Ronei Harden

Writer | Editor | Educator

The One About Always Being Right

I absolutely LOVE the famed tv sitcom, Friends.  When the show first aired, I literally thought someone had videotaped me, my life, and my dearest friends during the latter 80s and early 90s. Oh, we were a motley group of people who loved life…especially each other.  Stories unfolded in show episodes that brought this group of friends together to walk through life and face the challenges that life brings.  One of my favorite episodes is the one when Ross and Phoebe have a long argument over the theory of evolution.  I appreciate how the show and its writers treated a frequent problem that occurs between friends—times of disagreement over controversial situations and/or topics.

Since the 2016 election, party lines militantly formed. Close friends and even family members found themselves fighting over things that, given the big picture of daily life, really aren’t important to every day relationships.  The internet became a bastion where angry mobs reenact scenes from A Tale of Two Cities; American citizens are willing to pillage each other over the issue that a particular MAN (or woman) reigns on the throne of American democracy (or what’s left of it).  It is my opinion that in order for a person to even think  he or she can ethically behave this way, he/she would have to believe that the person who sits in that chair really has supreme universal power over everything.  

Seriously? Really?

Over the course of a year, events have the ability to bring people together—remember the Olympics? How about the recent Masters Tournament and the return of Tiger Woods? Somehow, while walking the grounds of the beautiful Augusta National Golf Club, I didn’t see that. It was probably due to the fact that the golf club doesn’t allow phones on the premises during the tournament. Unfortunately, social media has enabled and empowered others to tear each other violently apart (ah yes, thank you, national election).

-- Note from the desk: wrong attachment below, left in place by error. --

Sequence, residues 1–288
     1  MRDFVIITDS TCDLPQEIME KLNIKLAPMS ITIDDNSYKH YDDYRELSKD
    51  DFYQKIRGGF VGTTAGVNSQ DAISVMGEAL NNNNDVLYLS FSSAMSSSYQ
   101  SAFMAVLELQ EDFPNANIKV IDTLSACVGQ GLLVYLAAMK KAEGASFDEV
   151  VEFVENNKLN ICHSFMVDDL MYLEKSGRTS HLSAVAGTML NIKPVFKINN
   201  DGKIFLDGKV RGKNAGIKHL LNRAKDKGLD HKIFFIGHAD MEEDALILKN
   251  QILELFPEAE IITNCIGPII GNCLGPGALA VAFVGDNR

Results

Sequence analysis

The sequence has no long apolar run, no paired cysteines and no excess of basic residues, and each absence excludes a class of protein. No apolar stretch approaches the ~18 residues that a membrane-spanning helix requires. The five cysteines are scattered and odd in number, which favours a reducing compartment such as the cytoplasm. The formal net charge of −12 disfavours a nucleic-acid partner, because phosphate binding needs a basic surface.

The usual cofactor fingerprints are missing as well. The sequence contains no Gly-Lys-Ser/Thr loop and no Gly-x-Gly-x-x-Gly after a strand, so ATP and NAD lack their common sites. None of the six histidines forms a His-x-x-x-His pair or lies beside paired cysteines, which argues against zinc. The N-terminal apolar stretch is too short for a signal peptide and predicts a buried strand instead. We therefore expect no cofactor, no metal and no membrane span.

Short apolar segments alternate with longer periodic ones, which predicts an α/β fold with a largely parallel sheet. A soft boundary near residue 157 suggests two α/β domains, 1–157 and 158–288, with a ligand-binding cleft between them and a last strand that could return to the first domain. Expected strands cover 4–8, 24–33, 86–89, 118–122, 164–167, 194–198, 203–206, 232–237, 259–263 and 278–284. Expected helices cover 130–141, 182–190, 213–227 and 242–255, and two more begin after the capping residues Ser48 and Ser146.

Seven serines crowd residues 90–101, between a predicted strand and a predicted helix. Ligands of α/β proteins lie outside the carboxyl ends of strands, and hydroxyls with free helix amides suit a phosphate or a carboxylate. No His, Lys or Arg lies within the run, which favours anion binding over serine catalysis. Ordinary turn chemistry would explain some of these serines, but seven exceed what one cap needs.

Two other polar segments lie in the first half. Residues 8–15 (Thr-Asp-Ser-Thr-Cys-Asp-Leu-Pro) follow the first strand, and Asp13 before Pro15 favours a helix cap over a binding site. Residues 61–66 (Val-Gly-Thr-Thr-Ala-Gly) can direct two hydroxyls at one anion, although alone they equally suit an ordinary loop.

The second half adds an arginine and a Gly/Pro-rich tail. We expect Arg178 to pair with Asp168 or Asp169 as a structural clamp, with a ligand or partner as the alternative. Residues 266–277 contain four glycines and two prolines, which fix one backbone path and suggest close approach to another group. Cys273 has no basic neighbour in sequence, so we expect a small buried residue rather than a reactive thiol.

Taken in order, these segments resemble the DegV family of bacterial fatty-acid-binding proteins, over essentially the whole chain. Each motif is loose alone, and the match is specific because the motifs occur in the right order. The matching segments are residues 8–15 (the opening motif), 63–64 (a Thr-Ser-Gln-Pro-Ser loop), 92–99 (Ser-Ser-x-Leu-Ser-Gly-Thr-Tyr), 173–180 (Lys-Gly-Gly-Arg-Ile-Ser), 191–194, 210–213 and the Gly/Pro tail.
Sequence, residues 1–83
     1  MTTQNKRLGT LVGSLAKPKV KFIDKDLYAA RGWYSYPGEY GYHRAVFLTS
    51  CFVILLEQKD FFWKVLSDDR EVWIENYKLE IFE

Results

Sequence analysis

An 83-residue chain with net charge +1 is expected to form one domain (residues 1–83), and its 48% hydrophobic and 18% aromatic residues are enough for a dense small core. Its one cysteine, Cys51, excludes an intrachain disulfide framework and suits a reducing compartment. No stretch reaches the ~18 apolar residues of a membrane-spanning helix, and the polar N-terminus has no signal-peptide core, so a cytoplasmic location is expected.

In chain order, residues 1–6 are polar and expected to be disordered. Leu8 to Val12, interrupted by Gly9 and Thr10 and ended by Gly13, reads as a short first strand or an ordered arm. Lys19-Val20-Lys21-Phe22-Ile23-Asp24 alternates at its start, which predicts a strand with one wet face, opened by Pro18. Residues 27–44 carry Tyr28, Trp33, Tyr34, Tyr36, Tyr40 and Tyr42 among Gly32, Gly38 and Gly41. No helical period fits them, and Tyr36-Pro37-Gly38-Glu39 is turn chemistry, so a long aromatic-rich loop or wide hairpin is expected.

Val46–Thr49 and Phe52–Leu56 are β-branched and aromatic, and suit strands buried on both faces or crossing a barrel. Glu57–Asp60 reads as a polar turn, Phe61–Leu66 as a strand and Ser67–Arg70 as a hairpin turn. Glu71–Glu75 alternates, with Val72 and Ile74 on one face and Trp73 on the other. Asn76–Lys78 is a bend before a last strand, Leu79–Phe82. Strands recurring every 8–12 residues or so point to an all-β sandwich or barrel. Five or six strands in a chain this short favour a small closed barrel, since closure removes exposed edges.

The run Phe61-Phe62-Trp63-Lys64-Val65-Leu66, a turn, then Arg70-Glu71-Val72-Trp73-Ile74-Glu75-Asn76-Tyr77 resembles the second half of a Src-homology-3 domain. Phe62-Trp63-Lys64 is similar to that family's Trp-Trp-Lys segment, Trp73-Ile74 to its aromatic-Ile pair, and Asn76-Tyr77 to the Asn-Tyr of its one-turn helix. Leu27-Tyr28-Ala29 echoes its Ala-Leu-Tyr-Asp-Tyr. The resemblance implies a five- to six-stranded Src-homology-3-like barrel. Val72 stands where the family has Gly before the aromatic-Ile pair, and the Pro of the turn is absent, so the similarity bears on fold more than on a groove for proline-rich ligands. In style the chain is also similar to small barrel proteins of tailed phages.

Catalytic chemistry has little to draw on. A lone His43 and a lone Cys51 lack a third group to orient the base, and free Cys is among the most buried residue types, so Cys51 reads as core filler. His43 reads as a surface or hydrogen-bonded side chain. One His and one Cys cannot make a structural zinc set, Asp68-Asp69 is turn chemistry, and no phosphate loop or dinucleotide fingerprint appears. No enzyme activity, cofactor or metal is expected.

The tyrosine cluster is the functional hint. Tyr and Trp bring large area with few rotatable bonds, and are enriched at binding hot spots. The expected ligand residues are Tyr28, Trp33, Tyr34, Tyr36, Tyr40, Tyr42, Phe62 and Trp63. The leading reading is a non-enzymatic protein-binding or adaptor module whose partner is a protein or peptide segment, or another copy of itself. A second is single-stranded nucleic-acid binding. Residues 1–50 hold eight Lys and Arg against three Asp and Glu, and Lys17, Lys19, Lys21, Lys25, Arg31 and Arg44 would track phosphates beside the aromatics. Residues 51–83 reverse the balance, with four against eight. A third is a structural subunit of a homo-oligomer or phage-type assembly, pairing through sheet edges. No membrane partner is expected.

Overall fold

1. When a situation occurs that results in a disagreement with a close friend, how do you respond?

  2. Is the main goal to prove you are right and make your friend feel like an ignorant failure?

  3. Do you only wish to prove your point, even if it results in losing a friendship?

  4. Is it more important to push your opinions on others, regardless of how they think (or feel)?

  5. Is it really your job to force others to think or believe a certain way?

  6. Or do you cherish the relationship, love your friend, and trust that God will bring light into the dark places in His own time?

Early in season 2 of Friends, Phoebe confronts Ross about this very attitude and has fun toying with his adamant stance because she KNOWS her friend too well. When Ross engages in an intellectual conversation that turns the focus back on HIM, he realizes in some teeny tiny way, he could be wrong. Evolution isn’t the issue here; it’s the attitude in which Ross tries to talk to Phoebe, one of his closest friends. He assumes the role of “intellectual expert”, so sure that Phoebe couldn’t possibly know what she’s talking about.  Oh, but she does.  The best part—she doesn’t stop being Ross’ friend due to their disagreement; she just proves a very important point—we cannot and do not know EVERYTHING about EVERYTHING.

We do, however, know Someone who does. It’s our job to introduce our Friend to all of our friends. To my recollection, the only people He ever talked down to were those who called themselves the “experts in matters of the Law”.  We know how that story ended.

So………how important is it for YOU  to always be right?

FRIENDS, Season 2, Episode 3 - The One Where Heckles Dies. Ross, the paleontologist, and Phoebe, the new-age free spirit, argue about Evolution.